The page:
Family Hawks, Eagles (Accipitridae)

Least Concern

Tiny Hawk (Accipiter superciliosus)


French: Épervier nain German: Däumlingssperber Spanish: Gavilancito americano

Falco superciliosus


, 1766,



Formerly thought to be closely related to A. collaris. Recent information on skeletal details indicates that present species does not even belong in genus Accipiter#R, a finding further supported by genetic data#R; it appears not to be close to any other accipitrid group. It has been recommended that it be transferred to its own genus, in which case the name Hieraspiza has been suggested as available#R, but type species of that genus is A. virgatus#R, as nominated by genus author, Kaup, prior#R to G. R. Gray’s subsequent (and therefore irrelevant) selection of “Falco tinus” (a synonym of present species); thus, another valid genus name is required. Two subspecies recognized.

Subspecies and Distribution
  • A. s. fontainieri Bonaparte, 1853 – Nicaragua S to W Colombia and W Ecuador.
  • A. s. superciliosus (Linnaeus, 1766) – Colombia E of Andes, E through Venezuela to the Guianas, and S through Ecuador, E Peru, Bolivia (Beni, Cochabamba, Santa Cruz) and Brazil to Paraguay and NE Argentina (Misiones).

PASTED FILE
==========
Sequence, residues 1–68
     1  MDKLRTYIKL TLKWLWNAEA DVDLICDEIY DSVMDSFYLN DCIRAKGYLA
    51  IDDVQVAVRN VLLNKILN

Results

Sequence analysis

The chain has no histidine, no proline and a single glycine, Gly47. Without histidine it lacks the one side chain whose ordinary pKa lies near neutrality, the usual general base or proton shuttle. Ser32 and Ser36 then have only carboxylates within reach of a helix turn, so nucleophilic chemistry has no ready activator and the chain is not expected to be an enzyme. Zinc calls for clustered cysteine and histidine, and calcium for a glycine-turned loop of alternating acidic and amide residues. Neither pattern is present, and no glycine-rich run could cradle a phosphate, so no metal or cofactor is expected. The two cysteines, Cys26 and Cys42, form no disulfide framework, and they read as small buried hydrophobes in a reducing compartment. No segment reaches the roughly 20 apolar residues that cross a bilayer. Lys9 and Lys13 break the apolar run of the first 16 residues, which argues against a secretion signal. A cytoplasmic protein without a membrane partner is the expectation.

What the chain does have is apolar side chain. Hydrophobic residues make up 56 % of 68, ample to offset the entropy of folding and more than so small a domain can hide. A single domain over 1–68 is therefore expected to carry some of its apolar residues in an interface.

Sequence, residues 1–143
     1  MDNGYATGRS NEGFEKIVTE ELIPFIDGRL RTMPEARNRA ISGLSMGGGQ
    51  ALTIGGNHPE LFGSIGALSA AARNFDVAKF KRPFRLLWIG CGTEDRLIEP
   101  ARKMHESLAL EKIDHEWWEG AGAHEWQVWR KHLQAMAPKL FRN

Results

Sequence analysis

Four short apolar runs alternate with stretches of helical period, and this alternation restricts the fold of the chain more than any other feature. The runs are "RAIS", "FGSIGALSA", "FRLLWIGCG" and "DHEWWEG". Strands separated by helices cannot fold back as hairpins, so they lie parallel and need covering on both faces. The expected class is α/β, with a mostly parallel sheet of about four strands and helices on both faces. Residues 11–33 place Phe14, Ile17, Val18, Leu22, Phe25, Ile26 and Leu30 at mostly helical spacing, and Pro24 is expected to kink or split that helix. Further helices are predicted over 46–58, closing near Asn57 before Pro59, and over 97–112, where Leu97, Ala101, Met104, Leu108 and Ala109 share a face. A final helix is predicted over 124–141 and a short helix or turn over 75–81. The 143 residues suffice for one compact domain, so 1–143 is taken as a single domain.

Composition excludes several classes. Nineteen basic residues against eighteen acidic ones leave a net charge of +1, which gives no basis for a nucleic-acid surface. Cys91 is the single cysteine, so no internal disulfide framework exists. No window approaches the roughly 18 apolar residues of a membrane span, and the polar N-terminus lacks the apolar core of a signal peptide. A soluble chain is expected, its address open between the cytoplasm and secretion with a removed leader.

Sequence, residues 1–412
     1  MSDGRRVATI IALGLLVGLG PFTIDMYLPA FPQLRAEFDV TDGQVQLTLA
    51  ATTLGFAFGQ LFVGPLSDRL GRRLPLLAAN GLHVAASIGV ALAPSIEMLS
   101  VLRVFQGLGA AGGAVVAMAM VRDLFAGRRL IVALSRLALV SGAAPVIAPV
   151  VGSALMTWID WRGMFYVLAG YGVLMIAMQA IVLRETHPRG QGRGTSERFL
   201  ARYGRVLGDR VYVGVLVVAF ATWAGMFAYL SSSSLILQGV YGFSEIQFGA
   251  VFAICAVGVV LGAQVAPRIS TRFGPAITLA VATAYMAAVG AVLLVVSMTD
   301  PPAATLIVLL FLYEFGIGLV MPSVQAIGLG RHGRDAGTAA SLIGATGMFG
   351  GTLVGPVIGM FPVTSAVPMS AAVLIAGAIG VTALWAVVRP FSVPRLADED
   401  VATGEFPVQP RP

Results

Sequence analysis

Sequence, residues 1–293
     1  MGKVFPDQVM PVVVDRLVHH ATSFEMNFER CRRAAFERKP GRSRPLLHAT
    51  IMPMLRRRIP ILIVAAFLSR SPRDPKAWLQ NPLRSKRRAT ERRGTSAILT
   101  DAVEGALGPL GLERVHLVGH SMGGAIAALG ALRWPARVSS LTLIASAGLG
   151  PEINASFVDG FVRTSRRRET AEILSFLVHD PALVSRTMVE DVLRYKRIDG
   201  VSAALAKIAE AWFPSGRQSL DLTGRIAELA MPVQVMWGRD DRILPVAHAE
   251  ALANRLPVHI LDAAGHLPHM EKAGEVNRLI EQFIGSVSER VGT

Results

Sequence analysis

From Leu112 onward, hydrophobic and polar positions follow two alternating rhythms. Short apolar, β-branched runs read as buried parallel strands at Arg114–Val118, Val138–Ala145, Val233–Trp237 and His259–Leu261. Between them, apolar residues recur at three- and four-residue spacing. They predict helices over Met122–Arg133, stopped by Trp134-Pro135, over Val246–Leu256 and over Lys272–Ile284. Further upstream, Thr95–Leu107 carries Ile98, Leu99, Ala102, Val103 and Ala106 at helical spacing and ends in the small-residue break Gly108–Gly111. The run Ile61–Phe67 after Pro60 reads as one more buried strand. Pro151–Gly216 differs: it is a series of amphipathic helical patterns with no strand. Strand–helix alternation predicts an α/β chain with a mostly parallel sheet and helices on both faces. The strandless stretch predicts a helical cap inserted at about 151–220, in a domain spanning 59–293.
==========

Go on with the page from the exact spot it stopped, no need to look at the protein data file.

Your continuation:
• Descriptive notes

    24–27·5 cm; male 61·5–75 g, female 115–134 g; wingspan38–48 cm. Tiny Accipiter; differs from closely related A. collaris... read more


    Few data, but a shrill "keer-keer-keer..." or similar has been reported, as well as a... read more


    Lowland rainforest up to 1800 m, but probably mainly below 800 m; perhaps not normally in primary... read more

    Food and feeding

    Very few data available; these, together with very long toes, suggest a highly specialized predator of birds feeding on Violaceous Euphonia... read more


    Very incompletely known; season speculated to be Feb–Jun in N of range, and Oct–Jan in S. In Colombia seen carrying sticks in... read more


    No evidence of movements.

    Status and conservation

    Not globally threatened (Least Concern). CITES II. Status very poorly known, but large range and tendency to use second-growth forest suggest species in no immediate danger.... read more

    Recommended citation

    Bierregaard, R.O., Jr & Kirwan, G.M. (2020). Tiny Hawk (Accipiter superciliosus). In: del Hoyo, J., Elliott, A., Sargatal, J., Christie, D.A. & de Juana, E. (eds.). Handbook of the Birds of the World Alive. Lynx Edicions, Barcelona. (retrieved from on 24 February 2020).